BEIJING (Reuters Life!) - Valentine’s Day is the universal celebration of love, but some young Chinese are reviving their heritage and keeping an age-old, lunar romance festival alive.
Western festivals such as Valentine’s Day, Christmas and even Thanksgiving have been embraced by many among China’s growing ranks of affluent, Westernized professionals. But there are some, especially those in their twenties, who are going traditional.
“I’ll go to the cinema and have dinner with my boyfriend,” said Mao Rui, a college student who said she had received a bracelet from her boyfriend as a gift for the Qi Xi Festival, which is celebrated on Wednesday.
“The culture behind Chinese Valentine’s Day is very romantic and beautiful.”
The Qi Xi Festival falls on the seventh day of the seventh lunar month and celebrates the legend of the fairy Zhinu and her mortal, cowherd husband Niulang who are allowed to meet, on a bridge that spans the Milky Way, only on that day.
But unlike other mainstream celebrations, such as the Mid-Autumn Festival and the Lunar New Year, Qi Xi is not widely marked and remains firmly in the shadow of Valentine’s Day.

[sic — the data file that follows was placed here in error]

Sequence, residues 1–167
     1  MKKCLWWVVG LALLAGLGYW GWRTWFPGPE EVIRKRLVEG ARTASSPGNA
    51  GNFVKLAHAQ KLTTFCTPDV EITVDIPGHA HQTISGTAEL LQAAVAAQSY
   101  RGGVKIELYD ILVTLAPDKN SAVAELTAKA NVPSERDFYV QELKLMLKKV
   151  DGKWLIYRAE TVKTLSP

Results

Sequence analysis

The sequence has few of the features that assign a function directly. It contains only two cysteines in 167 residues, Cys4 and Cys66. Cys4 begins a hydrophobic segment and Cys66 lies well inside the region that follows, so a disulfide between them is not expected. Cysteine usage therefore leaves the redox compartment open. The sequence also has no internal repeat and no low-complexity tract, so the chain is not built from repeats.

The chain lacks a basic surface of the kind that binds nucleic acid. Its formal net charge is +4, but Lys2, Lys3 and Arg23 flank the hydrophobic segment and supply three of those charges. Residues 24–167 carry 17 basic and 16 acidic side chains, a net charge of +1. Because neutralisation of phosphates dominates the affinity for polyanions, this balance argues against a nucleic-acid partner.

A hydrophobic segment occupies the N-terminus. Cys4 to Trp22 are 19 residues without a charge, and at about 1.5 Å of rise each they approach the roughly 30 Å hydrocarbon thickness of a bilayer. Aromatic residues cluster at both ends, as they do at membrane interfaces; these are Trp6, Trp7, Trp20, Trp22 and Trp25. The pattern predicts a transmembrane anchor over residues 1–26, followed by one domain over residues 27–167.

“The flowers I sold for Qi Xi were less than a half of the ones sold on Valentine’s Day,” a Beijing florist told the website of China National Radio (www.cnr.cn).
“Qi Xi does not have a unique festive mood, not like Valentine’s Day when we think of flowers and chocolates,” added Zhang Yong, a 27-year-old company employee.
Xu Yang, a banker who got married last year, told Reuters that she and her husband didn’t want to celebrate two “Valentine’s Days” a year.
“So we decided to skip Qi Xi,” she said. “Although Qi Xi is more traditional, the calendar we use in daily life is not the lunar one.”
(Additional reporting by Beijing newsroom)
Editing by Miral Fahmy